Hai Di Lao is a glittery China-based chain specializing in hot pot, the spicy Sichuan equivalent of shabu-shabu. In the Chinese branches of the chain, there are free manicures while you wait, neck massages, shoe shines and free fruit salad. In the Arcadia restaurant — there are magazines to browse through. But you still assemble your dipping sauce from an infinite bank of possibilities, swish your bits of meat and fish through your own pot of seasoned broth, and glug endless pitchers of watermelon juice. Is it possible for glossy Chinese pop to be played any more loudly? Do you need to tip the dancer who pulls your noodles to order? You will be steered toward one of the combination plates, thinly sliced beef or lamb to swish through your individual pot of broth, plus tofu, sturdy nappa cabbage leaves, lettuce, sweet potato and a fistful of noodles. You can negotiate your way to a seafood platter, which will include mussels, clams and scallops in their shells, a few fillets of whitefish, and some squid and octopus cut up in interesting ways, but really — the fluffy shrimp balls are enough. And don’t forget the Spam.

400 S. Baldwin Ave., Arcadia (in the Westfield Santa Anita mall). (626) 445-7232

Hui Tou Xiang Noodles House


Hui tou is an invented name for the house specialty, dumpling skins burrito-wrapped around thumb-sized lozenges of pork minced with onions, flattened into oblongs, and pan-fried tawny brown. You will also find good soup dumplings in this tiny San Gabriel mini-mall restaurant. You will scarcely see a table without a bowl or two of bouncy, beautiful noodles, which are hand-kneaded and sent through a machine in back, served hot in broth with braised meatballs or big chunks of slow-cooked pork rib. They are served, too, with shredded cucumber and a dense, fragrant sesame paste.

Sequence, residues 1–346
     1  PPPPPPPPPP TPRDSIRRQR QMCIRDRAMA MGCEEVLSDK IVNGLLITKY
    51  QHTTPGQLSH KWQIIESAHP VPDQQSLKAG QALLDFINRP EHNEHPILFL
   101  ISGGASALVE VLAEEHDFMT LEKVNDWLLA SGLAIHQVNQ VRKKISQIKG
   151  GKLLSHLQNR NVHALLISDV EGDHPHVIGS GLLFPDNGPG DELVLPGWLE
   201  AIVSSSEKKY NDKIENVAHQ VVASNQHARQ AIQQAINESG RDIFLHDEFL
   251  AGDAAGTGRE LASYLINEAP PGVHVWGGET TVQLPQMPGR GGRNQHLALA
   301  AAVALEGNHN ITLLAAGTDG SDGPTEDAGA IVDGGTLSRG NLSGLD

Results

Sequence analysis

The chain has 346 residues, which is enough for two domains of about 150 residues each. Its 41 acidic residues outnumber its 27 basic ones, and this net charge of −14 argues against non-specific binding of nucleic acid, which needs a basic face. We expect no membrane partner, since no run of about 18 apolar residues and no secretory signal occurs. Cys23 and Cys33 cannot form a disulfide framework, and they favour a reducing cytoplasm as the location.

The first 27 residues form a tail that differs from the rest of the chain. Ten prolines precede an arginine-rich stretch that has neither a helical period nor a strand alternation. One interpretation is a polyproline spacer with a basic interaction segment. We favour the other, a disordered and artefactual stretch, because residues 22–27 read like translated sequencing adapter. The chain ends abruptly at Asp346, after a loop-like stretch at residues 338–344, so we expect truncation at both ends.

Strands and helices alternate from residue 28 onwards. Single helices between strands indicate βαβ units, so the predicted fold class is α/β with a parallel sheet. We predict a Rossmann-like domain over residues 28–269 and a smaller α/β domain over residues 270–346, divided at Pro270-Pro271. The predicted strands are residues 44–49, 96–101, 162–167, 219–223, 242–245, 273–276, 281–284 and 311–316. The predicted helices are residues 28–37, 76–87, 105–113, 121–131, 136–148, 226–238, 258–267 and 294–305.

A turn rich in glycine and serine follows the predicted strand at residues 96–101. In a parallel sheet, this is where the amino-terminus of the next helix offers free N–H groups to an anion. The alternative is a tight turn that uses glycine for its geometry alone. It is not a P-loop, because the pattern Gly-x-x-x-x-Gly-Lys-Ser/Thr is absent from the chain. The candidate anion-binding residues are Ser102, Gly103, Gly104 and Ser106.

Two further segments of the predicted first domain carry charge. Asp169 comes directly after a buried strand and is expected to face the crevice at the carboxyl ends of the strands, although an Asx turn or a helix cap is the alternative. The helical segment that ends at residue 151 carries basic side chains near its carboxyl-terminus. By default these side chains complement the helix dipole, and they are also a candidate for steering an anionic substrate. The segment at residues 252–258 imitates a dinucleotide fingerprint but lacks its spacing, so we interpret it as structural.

704 W. Las Tunas Drive, San Gabriel. (626) 281-9888

Hunan Mao

(Gina Ferazzi / Los Angeles Times)

The steamed fish head is pretty splendid at Hunan Mao. The fish head will be large, probably from an enormous carp or similar freshwater species, thus comical, and it will be frosted with the chopped blend of dried, fresh and fermented chiles that give Hunanese cooking its reputation for head-snapping heat. We’re fans of the luscious cucumber stir-fried with shiso, the toss-fried mutton and the chewy, spicy lamb ribs fried with garlic and lots of Sichuan peppercorn. If your tastes extend more toward gooey strips of pigskin tossed with chopped chiles, magma-thick Hunan hot pots or the fearsome dish called Hot Over Spicy, basically a stir-fry of chiles flavored with chiles, seasoned with yet other chiles and dosed with a bit of ground pork, you will find them here too. You’ll want at least one dish made with the house-smoked Hunan ham, which has the punch of first-rate barbecue.

8728 Valley Blvd. No. 101, Rosemead. (626) 280-0588


J. Zhou Oriental Cuisine

The swankest Chinese restaurant in town at the moment may well be in a Tustin shopping mall, a glittering, cavernous space with a specialty in sea cucumber, air-dried abalone and other luxuries of the Hong Kong table; herb-infused soups that seem less simmered than distilled; and crackly skinned suckling pig. The cost of the highest-end banquet menu would serve as a solid down payment on a Porsche. But unless your tastes run toward bird’s nests, spaniel-size Australian lobsters and rare fish netted on distant tropical reefs, J. Zhou may fit into your special-occasion budget too, with lovely roast duck, steamed scallops and big steamed crabs, as well as what is probably the solidest dim sum south of Rowland Heights.

2601 Park Ave., Tustin, (714) 258-8833


(Genaro Molina / Los Angeles Times)